The Power of Argument in an English Classroom


Last month I had the pleasure of co-teaching a class with other English instructors, which was specifically for English teachers.  The focus of the class was CCSS and Argumentative  Writing, which I thought I knew much about, but quickly learned was not necessarily the case.  I agreed to take on the challenge of helping to teach this class so I could learn more and apply that knowledge to my classroom.  Honestly, it’s been a few weeks since the class has ended and my head is still spinning with all the new information and ideas gained from the readings, conversations with other teachers and collaboration during the two weeks the class was in session.  Tonight, I sat down to start looking at my curriculum for next year and to think about how to incorporate all these new ideas and I immediately felt overwhelmed.  So, I decided to write down some of the main ideas learned during the class and why not put them into a blog post?  Here are the main ideas/thoughts/resources I need to remember and implement this upcoming school year within my English classroom:

1.  Argument Writing and finding and using textual evidence should be the main focus in a CCSS-based classroom. This is especially true if you are teaching in a PARCC state since the Performance Based Assessments (PBA’s for those who love acronyms) given in February/March are very argument heavy (though disguised in PARCC as “Literary Analysis” and “Research Simulation” rather than using the same terminology as CCSS’s “Argument”, “Explanatory/Informational”).  All require evidence-based answers to back up and validate claims.

2.  There are true differences between Persuasive and Argumentative Writing which students need to know about.  In a nutshell, Argumentative Writing needs to acknowledge the opposing point of view to be a valid argument.  Here is a handy side-by-side chart comparing Argument vs. Persuasive Writing which I will be sharing with my students this year (Thanks, Angeline for this invaluable resource):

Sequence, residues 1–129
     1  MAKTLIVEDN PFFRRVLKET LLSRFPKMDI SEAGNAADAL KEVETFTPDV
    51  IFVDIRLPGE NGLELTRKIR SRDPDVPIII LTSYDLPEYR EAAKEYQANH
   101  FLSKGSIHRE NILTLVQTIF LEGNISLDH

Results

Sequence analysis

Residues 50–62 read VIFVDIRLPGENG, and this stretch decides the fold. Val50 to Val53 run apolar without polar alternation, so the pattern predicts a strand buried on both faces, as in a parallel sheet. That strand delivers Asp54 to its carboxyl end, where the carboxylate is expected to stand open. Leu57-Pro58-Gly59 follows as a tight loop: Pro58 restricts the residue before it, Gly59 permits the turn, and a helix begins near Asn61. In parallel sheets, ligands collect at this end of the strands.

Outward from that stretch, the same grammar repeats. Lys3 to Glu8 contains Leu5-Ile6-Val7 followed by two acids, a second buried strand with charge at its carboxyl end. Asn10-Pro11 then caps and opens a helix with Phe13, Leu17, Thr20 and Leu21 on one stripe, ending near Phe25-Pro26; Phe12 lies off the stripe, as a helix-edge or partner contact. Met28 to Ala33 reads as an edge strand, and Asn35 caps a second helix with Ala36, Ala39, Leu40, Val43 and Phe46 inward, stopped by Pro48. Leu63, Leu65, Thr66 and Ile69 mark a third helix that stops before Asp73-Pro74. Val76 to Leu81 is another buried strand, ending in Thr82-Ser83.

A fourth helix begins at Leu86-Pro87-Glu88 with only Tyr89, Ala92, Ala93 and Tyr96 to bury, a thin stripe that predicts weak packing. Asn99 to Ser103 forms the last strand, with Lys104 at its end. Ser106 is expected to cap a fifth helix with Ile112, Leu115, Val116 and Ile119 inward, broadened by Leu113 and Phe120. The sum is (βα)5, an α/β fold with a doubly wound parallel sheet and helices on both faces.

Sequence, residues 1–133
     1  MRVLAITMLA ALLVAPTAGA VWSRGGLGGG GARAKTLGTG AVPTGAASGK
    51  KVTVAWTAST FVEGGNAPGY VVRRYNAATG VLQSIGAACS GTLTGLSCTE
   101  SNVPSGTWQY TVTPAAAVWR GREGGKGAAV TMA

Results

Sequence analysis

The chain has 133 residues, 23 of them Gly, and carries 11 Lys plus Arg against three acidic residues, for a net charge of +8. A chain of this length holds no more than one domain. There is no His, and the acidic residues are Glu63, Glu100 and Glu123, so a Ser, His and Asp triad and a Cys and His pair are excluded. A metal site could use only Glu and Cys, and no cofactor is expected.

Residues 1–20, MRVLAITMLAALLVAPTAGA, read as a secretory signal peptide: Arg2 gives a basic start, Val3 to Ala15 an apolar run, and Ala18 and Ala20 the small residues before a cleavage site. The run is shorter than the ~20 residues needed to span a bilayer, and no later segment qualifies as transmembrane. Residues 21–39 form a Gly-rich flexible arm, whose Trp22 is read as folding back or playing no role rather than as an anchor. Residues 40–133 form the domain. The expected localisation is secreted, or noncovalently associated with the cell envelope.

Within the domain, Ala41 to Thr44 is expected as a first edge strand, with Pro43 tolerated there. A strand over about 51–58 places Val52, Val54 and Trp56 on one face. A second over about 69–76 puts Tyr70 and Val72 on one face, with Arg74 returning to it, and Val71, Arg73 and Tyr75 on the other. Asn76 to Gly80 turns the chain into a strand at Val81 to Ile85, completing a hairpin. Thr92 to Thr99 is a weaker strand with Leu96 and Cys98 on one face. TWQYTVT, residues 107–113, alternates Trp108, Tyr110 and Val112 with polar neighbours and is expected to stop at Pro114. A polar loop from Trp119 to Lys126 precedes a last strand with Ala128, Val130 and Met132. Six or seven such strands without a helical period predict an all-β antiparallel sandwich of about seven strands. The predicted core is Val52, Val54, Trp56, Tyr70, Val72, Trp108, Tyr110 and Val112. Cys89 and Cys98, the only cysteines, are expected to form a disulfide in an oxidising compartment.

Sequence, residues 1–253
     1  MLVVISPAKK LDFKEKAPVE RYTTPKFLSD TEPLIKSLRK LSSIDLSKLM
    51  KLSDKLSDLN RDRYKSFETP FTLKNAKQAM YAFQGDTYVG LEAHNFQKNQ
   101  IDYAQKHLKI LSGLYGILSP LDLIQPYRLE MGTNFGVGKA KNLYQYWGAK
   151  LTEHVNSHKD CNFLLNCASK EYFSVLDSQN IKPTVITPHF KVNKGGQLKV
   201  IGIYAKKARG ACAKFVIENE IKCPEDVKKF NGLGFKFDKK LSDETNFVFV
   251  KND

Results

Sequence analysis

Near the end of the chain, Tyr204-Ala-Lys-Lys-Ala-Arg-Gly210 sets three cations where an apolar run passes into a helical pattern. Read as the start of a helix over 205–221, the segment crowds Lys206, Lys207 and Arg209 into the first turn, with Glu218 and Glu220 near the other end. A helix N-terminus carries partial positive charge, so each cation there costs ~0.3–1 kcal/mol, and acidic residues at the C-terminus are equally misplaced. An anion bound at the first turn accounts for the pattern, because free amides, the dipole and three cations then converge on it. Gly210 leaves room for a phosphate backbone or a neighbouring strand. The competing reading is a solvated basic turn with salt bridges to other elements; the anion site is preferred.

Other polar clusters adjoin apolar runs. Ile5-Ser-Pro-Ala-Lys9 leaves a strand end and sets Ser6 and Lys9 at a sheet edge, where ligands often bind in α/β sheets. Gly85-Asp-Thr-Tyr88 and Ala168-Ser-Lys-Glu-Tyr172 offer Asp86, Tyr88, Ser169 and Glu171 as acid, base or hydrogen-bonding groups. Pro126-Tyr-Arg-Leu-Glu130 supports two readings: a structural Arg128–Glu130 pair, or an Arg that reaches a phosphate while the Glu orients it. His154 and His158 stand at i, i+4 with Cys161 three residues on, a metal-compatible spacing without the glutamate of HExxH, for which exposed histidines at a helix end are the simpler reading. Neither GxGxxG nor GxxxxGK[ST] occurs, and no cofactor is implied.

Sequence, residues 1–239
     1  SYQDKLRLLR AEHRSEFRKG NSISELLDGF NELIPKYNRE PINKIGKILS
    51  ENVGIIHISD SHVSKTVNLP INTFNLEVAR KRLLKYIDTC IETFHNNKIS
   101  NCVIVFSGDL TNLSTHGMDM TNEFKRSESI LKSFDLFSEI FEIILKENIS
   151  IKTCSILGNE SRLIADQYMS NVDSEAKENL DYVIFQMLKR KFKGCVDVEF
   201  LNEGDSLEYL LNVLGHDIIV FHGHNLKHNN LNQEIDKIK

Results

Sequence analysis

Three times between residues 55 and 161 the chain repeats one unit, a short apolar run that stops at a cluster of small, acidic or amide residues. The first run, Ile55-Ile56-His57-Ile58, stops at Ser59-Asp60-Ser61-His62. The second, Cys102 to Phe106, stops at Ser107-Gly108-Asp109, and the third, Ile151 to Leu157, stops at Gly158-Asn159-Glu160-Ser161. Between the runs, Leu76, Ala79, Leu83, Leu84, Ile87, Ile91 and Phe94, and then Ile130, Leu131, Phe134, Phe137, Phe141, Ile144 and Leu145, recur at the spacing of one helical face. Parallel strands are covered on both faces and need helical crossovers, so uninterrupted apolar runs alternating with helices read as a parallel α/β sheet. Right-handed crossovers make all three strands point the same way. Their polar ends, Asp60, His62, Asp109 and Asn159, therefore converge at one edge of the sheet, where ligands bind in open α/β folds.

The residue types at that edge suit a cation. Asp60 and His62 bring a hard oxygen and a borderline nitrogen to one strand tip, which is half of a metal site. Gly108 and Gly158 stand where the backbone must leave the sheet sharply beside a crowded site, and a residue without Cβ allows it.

3.  Students need to verbally debate in class in order to apply these skills to Argumentative Writing. Dave Stuart, Jr., has created a blog called “Teaching the Core-The Non-Freaked Out Approach to Common Core Literacy” which is my go-to for all things reading, writing and speaking in regards to CCSS; you can check it out here:

This fantastic blog has resources, information about and commentary on teaching Argumentative Writing and using debate in your classroom.  Stuart is very much an advocate of teaching students how to debate in order to help them become stronger writers.  His “Articles of the Week” (tweaked from Kelly Gallagher- and ideas for having kids speak in front of others (technique called “PVLEGS”- are practical and doable – not simply theoretical, pie-in-the-sky techniques which sound good in theory but never work. I’ve tried many of his resources and have had much success with all of them.  Would highly recommend his blog as you venture into the world of Argument Writing and debate.

4.  There are some other great resources out there for implementing Argumentative Writing and Debate.  Here, I will list a few that I’ve found and have learned about from others:

5.  Students really struggle with explaining why the specific evidence they’ve used in their writing is important; “They Say/I Say” Templates help students to do so effectively.  We’ve all been there – students add in textual evidence to a writing piece with no explanation as to why the evidence is important to the argument.   The evidence is just dropped in the paper and sitting there awkwardly, screaming for an explanation or validation.  Well, “They Say/I Say” templates can come to the rescue.  They allow students to explain evidence and the templates have enough flexibility to allow student voice to come through without sounding mechanical or boring; this really helps students strengthen their Argumentative Writing.  Check them out here:

In addition, Dave Stuart, Jr. uses these templates with his “Articles of the Week” to have students practice pulling out textual evidence from the article to back up an opinion and explain the evidence using these templates.  Excellent strategy!